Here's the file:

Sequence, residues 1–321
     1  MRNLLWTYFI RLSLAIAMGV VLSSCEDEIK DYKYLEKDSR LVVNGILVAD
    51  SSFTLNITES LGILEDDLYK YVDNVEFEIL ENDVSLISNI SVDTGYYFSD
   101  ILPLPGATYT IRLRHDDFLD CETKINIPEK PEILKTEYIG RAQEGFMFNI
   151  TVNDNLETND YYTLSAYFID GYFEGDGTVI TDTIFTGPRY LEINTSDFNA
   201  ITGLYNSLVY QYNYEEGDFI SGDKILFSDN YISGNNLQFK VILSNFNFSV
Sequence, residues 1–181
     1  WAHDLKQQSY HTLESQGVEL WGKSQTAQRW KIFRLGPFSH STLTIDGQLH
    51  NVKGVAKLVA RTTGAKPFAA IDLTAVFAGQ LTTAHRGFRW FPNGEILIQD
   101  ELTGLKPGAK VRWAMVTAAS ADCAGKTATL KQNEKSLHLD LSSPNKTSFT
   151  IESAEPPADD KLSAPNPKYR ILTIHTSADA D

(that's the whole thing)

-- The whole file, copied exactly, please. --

Sequence, residues 1–321
     1  MRNLLWTYFI RLSLAIAMGV VLSSCEDEIK DYKYLEKDSR LVVNGILVAD
    51  SSFTLNITES LGILEDDLYK YVDNVEFEIL ENDVSLISNI SVDTGYYFSD
   101  ILPLPGATYT IRLRHDDFLD CETKINIPEK PEILKTEYIG RAQEGFMFNI
   151  TVNDNLETND YYTLSAYFID GYFEGDGTVI TDTIFTGPRY LEINTSDFNA
   201  ITGLYNSLVY QYNYEEGDFI SGDKILFSDN YISGNNLQFK VILSNFNFSV
Sequence, residues 1–181
     1  WAHDLKQQSY HTLESQGVEL WGKSQTAQRW KIFRLGPFSH STLTIDGQLH
    51  NVKGVAKLVA RTTGAKPFAA IDLTAVFAGQ LTTAHRGFRW FPNGEILIQD
   101  ELTGLKPGAK VRWAMVTAAS ADCAGKTATL KQNEKSLHLD LSSPNKTSFT
   151  IESAEPPADD KLSAPNPKYR ILTIHTSADA D